The casualty may well be fully conscious and reasonably aware of the situation. If they are not trapped, they should be lain down somewhere safe and comfortable, preferably on a stretcher. They should be kept warm with blankets or a casualty wrap. If the patient has to lie on the ground, the ground will always be cold and uncomfortable, therefore, some insulation must be provided between the patient and the ground. They should lie with their legs slightly raised to improve venous return.

The patient should be comforted as their psychological well being will have a profound effect upon the onset of the later stages of shock. The patient should be given high flow oxygen via the oxygen therapy.

If, however, the patient is trapped it makes things slightly more complex, particularly if it will be sometime before they are released. The patient should be comforted and kept warm, but not heated. Close consultation with the Paramedic or Flying Doctor is essential as metabolic acidosis in the trapped areas of the body, when released into the rest of the blood stream, will cause a very rapid deterioration of the patient. However, where necessary, drugs can be given to help this.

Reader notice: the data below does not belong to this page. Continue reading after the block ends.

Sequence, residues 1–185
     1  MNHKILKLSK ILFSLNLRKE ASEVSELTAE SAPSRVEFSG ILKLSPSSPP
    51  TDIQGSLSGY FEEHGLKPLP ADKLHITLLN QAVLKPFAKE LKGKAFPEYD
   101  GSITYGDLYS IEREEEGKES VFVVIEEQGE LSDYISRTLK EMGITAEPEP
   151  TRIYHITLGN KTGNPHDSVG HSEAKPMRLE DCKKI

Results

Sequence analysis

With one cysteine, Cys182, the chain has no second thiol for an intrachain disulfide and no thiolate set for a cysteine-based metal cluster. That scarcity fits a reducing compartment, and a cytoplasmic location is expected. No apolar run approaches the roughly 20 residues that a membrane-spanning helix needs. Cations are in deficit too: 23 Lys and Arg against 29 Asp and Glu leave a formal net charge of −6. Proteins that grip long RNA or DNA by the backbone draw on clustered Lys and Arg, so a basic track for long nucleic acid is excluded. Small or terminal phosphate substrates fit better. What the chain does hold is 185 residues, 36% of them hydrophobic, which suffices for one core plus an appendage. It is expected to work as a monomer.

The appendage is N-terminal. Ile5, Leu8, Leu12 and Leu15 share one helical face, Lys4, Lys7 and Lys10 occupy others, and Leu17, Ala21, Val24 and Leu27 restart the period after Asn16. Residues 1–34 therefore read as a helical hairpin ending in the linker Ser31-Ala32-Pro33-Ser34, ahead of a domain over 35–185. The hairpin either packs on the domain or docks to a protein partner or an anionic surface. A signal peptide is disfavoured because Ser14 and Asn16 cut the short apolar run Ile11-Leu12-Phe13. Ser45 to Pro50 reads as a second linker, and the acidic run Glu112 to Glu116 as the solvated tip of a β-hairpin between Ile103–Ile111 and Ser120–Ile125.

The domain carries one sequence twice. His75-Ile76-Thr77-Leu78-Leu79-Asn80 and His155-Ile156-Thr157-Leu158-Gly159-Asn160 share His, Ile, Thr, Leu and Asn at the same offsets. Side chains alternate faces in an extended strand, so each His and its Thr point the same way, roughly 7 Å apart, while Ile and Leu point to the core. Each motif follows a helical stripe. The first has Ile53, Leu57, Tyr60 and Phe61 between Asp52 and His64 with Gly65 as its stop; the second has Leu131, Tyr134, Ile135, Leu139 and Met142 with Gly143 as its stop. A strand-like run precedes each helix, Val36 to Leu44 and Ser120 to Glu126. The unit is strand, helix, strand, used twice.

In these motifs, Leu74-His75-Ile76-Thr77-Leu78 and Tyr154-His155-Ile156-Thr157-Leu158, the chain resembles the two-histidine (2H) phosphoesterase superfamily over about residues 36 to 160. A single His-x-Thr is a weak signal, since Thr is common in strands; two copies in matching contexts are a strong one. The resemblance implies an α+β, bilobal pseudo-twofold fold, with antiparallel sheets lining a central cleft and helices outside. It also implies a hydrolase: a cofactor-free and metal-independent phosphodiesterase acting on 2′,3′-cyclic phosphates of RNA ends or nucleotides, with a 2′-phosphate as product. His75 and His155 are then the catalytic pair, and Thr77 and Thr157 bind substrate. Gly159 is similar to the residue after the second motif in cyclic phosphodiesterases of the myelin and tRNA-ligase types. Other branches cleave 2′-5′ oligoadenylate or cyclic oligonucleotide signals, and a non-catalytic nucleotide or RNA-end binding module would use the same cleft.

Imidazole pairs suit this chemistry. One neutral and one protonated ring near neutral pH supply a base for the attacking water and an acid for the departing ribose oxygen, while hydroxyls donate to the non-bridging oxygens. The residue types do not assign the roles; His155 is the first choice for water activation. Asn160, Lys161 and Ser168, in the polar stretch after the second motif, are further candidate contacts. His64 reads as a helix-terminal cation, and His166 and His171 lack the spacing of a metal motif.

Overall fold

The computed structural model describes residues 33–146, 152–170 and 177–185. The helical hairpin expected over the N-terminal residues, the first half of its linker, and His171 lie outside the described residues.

Hearing is one of the last senses to be lost when someone becomes unconscious, therefore, the trapped casualty will hear and may well remember a lot of what goes on around them. As with all injured patients, someone should remain with the casualty to monitor their condition - their pulse rate, colour, consciousness level and breathing. This applies to all to the treatments for shock as the situation can often deteriorate quite quickly.